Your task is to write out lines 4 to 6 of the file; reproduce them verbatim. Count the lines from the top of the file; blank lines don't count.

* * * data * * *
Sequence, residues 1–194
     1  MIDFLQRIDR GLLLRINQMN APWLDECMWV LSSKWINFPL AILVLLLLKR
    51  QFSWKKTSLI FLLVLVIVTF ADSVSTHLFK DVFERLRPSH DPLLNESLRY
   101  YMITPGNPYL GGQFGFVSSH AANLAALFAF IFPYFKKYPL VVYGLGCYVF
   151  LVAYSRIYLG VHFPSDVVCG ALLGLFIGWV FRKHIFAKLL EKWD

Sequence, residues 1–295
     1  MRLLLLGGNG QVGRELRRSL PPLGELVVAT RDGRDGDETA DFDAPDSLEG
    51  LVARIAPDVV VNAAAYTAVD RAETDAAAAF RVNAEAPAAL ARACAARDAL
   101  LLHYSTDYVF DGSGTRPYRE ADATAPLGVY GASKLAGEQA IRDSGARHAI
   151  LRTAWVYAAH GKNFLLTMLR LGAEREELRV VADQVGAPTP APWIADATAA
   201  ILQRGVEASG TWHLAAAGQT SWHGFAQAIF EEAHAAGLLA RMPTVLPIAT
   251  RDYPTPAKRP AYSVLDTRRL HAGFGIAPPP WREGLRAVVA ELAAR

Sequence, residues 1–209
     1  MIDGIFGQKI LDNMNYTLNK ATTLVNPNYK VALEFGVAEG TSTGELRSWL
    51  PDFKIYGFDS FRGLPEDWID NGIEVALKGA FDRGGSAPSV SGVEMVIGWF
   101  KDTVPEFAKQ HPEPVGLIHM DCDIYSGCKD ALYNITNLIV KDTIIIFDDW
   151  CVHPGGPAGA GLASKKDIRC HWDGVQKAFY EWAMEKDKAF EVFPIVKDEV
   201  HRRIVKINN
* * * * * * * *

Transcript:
   101  YMITPGNPYL GGQFGFVSSH AANLAALFAF IFPYFKKYPL VVYGLGCYVF
   151  LVAYSRIYLG VHFPSDVVCG ALLGLFIGWV FRKHIFAKLL EKWD

Sequence, residues 1–295